Updated at 8:30 p.m.: Just in time for the state GOP convention in Macon, Senate Republican leaders on Thursday announced they had reached a power-sharing accord with Lt. Gov. Casey Cagle for control of that chamber.
But the declaration of peace and serenity may have been premature.
“We have reached a consensus between the majority caucus and the lieutenant governor,” said Senate Majority Leader Chip Rogers, R-Woodstock, in a press release issued just before the close of business.
Cagle’s office declined comment, but also – though pressed – refused to dispute an account of the agreement as outlined by Rogers and state Sen. Bill Cowsert of Athens, chairman of the Senate Republican caucus.
Yet, about an hour ago, a Cagle ally called to say that – while a framework may have been established — details of an agreement had yet to be worked out. A contact on the other side confirmed that a meeting amongst Cagle, Rogers and Senate President pro tem Tommie Williams of Lyons had been planned for this week – but failed to happen.
As outlined by Rogers and Cowsert, the chaotic, six-month fight would be ended with a 50-50 split of authority over the chamber.
The Senate would be ruled by a four-member Committee on Assignments that will handle assignment of legislation, the naming of committee chairmen, committee membership, and the appointment of conference committees.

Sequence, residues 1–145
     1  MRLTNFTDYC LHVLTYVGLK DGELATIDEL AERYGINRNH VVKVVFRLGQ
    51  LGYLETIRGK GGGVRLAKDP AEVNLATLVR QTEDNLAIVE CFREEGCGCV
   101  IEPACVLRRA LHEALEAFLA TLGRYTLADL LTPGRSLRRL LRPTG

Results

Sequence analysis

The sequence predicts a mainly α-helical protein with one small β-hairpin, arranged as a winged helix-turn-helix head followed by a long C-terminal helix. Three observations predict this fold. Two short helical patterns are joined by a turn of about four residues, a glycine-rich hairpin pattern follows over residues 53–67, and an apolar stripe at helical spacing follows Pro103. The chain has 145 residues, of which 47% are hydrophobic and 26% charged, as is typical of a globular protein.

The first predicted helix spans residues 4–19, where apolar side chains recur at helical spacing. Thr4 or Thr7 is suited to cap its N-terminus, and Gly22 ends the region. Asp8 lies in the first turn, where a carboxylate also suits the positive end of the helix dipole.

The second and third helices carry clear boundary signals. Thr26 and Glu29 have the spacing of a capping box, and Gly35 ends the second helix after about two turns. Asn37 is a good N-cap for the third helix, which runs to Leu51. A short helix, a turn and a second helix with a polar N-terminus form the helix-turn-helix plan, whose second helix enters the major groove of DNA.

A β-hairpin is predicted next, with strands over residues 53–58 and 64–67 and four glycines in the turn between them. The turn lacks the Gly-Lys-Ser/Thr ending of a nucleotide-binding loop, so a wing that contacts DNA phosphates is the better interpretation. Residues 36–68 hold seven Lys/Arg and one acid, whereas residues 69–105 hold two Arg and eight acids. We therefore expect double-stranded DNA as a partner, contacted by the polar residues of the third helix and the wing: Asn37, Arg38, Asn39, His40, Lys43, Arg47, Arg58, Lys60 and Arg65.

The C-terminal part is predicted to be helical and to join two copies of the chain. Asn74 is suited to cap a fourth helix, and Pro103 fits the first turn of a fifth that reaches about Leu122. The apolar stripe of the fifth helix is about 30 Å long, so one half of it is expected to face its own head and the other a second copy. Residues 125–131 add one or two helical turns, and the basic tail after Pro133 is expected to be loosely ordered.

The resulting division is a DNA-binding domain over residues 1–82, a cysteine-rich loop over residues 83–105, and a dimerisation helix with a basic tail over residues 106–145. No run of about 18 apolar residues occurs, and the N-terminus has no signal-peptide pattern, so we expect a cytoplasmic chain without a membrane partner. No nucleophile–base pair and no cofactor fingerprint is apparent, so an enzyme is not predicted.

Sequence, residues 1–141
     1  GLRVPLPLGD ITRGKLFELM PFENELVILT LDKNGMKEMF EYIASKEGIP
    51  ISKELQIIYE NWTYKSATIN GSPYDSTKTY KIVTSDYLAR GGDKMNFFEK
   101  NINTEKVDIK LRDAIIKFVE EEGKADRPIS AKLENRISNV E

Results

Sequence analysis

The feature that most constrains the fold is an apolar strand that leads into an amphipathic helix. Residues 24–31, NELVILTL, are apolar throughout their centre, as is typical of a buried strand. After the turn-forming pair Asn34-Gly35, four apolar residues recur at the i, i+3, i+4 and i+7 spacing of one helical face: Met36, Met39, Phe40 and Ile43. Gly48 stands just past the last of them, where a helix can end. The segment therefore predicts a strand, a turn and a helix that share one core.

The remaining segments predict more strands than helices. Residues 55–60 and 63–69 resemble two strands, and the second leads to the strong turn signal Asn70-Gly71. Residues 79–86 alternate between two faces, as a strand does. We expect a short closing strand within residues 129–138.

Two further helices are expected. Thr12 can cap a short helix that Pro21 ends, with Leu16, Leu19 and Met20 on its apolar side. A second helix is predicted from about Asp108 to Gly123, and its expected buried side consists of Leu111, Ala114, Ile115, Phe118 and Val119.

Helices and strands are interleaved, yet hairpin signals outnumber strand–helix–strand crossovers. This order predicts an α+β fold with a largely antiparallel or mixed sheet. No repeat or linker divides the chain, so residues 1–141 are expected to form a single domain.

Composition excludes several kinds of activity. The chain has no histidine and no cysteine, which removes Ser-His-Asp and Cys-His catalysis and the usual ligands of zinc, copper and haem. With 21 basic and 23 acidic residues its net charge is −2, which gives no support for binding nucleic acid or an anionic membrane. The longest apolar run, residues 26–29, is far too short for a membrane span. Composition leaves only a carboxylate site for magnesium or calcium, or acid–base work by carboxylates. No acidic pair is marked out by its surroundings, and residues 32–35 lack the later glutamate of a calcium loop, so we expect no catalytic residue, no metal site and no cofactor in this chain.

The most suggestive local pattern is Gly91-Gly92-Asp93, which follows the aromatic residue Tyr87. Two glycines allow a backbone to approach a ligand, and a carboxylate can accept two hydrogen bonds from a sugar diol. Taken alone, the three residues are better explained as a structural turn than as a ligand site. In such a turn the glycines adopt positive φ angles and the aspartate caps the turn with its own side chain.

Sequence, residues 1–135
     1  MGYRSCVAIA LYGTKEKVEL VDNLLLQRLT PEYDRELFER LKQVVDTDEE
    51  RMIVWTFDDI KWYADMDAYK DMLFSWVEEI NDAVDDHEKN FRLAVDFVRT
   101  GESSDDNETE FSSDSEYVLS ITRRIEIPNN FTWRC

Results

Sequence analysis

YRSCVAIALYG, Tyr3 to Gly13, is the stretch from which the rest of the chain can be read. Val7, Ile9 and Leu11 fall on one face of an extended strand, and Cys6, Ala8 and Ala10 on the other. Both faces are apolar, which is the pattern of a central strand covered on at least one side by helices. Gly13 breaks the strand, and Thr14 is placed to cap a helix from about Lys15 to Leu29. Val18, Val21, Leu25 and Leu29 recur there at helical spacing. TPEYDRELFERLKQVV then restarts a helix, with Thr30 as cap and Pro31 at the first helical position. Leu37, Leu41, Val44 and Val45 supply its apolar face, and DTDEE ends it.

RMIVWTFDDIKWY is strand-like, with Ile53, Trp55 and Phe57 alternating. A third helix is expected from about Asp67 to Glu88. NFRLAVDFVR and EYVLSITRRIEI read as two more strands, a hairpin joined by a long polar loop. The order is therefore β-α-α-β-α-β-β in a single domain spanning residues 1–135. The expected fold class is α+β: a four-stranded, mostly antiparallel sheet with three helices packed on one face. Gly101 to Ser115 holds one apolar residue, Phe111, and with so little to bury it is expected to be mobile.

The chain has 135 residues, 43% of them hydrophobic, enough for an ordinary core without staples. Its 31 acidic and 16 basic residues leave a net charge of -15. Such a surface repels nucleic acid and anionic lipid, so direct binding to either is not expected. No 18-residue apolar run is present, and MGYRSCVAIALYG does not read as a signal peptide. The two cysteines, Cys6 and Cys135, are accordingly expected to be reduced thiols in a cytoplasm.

The Committee on Assignments would be chaired by Cagle, who would be allowed one other appointee. Other members would be President pro tem Tommie Williams, R-Lyons, and Senate Majority Leader Chip Rogers, R-Woodstock. Two on one side, two on the other.
No consensus, no decision.
Williams was unavailable for comment. Rogers issued a written statement, which included this:
“The Caucus met and addressed a number of issues. We have reached a consensus between the Majority Caucus and the Lt. Governor. The issues were dealt with thoughtfully and respectfully by all of the Caucus members. It is now time to put this behind us and move forward with the issues most important to Georgians.”
From state Sen. Bill Cowsert, R-Athens, chairman of the GOP caucus:
”The Republican caucus remains unified in its belief that inclusion and consensus is the best model for governing. Collectively, we believe this new model appropriately reflects the balance of governance between the majority caucus and the lieutenant governor.”
Again, details are scarce. There was no immediate indication of who, for example, would control the Senate purse-strings – a power now vested with the lieutenant governor.
The Senate Republican caucus seized control of the chamber from Cagle in November, stripping him of most of his powers. Control of the chamber was handed to an eight-member Committee on Assignments chaired by Williams. The lieutenant governor was allowed two appointees, but was not allowed membership himself.
Throughout the winter session, the Senate found itself bogged down in internecine warfare – and lost many tussles with the House as a result.
In the midst of collapsing efforts at tax reform, the struggles in the Senate prompted House Speaker David Ralston to call for an end to the “little experiment.”
Any changes in governance would be adopted during this summer’s special session to address redistricting. Some Democratic involvement will be required – a two-thirds vote of the chamber is required to address rule changes in the middle of a term.
- By Jim Galloway, Political Insider